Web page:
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Soviet diplomat Lev Karakhan (1889–1937) issued a manifesto in 1919 concerning relations with China.

The Karakhan Manifesto was a statement of Soviet policy toward China dated 25 July 1919. It was issued by Lev Karakhan, deputy commissioner for foreign affairs for Soviet Russia. The manifesto offered to relinquish various rights Russia had obtained by treaty in China, including extraterritoriality, economic concessions, and Russia's share of the Boxer indemnity.[1] These and similar treaties had been denounced by Chinese nationalists as "unequal." The manifesto created a favorable impression of Russia and Marxism among Chinese. It was often contrasted with the Treaty of Versailles (1919), which granted Shandong to Japan.[2]

The manifesto was prompted by the Bolshevik advance into Siberia, which created a need to establish a relationship with China.[3] The Bolsheviks saw the Chinese as one of "the oppressed peoples of the East" and therefore a potential ally against the "imperialist" powers.[3]

The manifesto is addressed to, "the Chinese people and the Governments of North and South China."[2] Because both Russia and China were in a state of civil war at this time, diplomatic exchanges were often delayed. Although the document was published in Moscow in August 1919, it was not formally presented to Chinese diplomats until February 1920. The version presented at this time includes the passage, "the Soviet Government returns to the Chinese people, without any compensation, the Chinese Eastern Railway."[4]

Six months later, Karakhan personally handed the Chinese a second version of the manifesto, one that did not include this remarkable offer. In fact, the Soviet authorities denied ever having made it. The railway offer had been included by "mistake," they explained. The Soviets may have hoped the offer of the railway would generate an enthusiastic response in Beijing, leading to a Sino-Soviet alliance against Japan. The warlords in Beijing, closely tied to Japan, responded hesitantly. When the hoped-for alliance proved unattainable, the Russians withdrew their offer.[2] In any event, traditional Russian interests and rights in China, including control of the Chinese Eastern Railway, were reaffirmed in a series of secret agreements made in 1924–1925.[5]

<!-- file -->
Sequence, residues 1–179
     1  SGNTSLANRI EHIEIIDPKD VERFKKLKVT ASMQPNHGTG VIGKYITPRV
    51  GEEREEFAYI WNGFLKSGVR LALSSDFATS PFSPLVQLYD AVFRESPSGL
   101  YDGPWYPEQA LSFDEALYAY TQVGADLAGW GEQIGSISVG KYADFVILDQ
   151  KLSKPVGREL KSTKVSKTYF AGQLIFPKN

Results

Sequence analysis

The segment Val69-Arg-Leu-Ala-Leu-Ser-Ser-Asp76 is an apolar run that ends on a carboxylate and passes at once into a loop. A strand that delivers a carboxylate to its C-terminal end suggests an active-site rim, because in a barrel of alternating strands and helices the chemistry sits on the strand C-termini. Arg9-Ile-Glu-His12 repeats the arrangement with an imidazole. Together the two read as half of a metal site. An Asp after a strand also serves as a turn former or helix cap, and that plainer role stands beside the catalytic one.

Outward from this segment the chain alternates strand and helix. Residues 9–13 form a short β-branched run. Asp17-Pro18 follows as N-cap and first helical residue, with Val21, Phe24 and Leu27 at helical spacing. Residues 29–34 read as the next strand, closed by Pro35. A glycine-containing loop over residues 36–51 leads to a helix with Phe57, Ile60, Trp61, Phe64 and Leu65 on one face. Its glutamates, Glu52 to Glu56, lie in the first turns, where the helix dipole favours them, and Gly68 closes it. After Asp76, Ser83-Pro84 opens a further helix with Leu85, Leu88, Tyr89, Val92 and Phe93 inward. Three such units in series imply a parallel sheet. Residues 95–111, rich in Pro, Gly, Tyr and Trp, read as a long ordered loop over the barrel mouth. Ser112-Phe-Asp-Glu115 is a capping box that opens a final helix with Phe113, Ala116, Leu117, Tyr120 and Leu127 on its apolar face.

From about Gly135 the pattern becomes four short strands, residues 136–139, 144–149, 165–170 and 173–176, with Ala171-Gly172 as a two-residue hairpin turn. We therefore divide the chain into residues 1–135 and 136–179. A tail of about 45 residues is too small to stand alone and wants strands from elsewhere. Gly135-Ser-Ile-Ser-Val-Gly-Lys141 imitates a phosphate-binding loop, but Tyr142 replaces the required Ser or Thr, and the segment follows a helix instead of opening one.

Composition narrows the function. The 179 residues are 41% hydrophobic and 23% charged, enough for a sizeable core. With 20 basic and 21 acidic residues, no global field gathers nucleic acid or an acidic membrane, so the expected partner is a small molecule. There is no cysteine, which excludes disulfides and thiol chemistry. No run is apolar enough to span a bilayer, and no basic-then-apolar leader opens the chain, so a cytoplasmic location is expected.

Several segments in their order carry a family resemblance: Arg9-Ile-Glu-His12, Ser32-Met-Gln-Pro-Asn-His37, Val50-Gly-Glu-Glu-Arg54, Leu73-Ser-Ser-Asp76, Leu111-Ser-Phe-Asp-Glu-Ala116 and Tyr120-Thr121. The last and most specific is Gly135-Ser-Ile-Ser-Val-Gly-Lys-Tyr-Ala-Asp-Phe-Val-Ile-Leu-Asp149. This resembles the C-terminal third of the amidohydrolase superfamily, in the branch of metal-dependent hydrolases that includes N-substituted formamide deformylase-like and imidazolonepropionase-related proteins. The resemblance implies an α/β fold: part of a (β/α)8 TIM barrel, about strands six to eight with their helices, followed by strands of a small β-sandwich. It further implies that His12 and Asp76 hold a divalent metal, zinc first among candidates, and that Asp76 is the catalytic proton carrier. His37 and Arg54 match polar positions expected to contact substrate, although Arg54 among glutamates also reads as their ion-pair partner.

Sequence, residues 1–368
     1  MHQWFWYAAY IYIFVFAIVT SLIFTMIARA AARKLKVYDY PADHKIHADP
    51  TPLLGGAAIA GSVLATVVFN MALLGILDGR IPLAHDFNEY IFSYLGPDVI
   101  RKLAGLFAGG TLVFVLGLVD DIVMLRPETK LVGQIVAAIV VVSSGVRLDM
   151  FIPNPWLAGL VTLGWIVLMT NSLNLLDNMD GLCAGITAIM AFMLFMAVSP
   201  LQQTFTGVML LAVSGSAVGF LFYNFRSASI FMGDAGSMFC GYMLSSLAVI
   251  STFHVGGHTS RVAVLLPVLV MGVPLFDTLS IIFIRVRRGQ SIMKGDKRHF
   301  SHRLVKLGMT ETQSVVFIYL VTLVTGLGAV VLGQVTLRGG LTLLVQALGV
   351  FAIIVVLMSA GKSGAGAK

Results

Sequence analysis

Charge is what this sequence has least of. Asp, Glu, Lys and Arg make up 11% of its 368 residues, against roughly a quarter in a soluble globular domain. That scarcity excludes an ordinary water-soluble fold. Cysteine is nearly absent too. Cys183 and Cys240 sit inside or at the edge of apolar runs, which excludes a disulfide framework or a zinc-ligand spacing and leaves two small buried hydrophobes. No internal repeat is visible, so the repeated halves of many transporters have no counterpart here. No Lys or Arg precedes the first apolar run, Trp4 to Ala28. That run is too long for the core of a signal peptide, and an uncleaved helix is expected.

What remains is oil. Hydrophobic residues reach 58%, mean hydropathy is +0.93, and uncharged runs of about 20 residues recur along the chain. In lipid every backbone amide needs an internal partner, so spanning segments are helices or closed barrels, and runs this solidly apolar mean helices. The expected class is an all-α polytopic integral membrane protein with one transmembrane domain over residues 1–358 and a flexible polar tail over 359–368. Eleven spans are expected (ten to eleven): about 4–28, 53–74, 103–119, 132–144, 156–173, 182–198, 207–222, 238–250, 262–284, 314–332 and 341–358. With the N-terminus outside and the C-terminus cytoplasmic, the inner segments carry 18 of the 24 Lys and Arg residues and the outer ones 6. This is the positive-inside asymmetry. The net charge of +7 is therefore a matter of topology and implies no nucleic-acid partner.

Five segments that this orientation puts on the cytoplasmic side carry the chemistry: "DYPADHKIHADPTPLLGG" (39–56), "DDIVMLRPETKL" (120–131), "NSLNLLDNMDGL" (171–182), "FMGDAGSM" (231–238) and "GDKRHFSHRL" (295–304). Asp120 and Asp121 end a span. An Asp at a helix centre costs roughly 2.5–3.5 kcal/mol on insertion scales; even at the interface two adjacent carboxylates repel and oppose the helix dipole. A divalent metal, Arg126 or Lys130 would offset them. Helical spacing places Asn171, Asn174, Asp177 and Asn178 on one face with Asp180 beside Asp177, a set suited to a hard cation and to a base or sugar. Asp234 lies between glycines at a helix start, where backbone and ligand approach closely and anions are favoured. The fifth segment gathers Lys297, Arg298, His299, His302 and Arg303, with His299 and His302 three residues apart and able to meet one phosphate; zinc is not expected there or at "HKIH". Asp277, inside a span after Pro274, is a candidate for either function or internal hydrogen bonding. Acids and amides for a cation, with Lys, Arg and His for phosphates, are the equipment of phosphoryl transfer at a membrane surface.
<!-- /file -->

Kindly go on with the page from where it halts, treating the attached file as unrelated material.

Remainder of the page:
The manifesto came at a crucial time in the development of Chinese communism. It encouraged interest in Marxism and thus played a role in the founding of the Chinese Communist Party in 1921.[6]

ReferencesEdit

  1. ^ Gao, James, Z., Historical Dictionary of Modern China (1800–1949). "Karakhan Manifesto". The Scarecrow Press, (2009).
  2. ^ a b c M Sinha, "The Karakhan Manifesto," China Report, November 1972 vol. 8 no. 6 53.
  3. ^ a b Whiting, Allen S., "The Soviet Offer to China of 1919", The Journal of Asian Studies, August 1951, pp. 355–364, doi:10.2307/2049007
  4. ^ Uldricks, Teddy J. "Karakhan Declaration." Encyclopedia of Russian History. 2004. Encyclopedia.com.
  5. ^ Elleman, Bruce, "The Soviet Union's Secret Diplomacy Concerning the Chinese Eastern Railway, 1924–1925," The Journal of Asian Studies, May 1994, pp. 459–486, doi:10.2307/2059842
  6. ^ Encyclopædia Britannica, "Karakhan Manifesto".

Further readingEdit

  • Whiting, Allen S. "The Soviet Offer to China of 1919". The Far Eastern Quarterly 10 (4): 355–64. doi:10.2307/2049007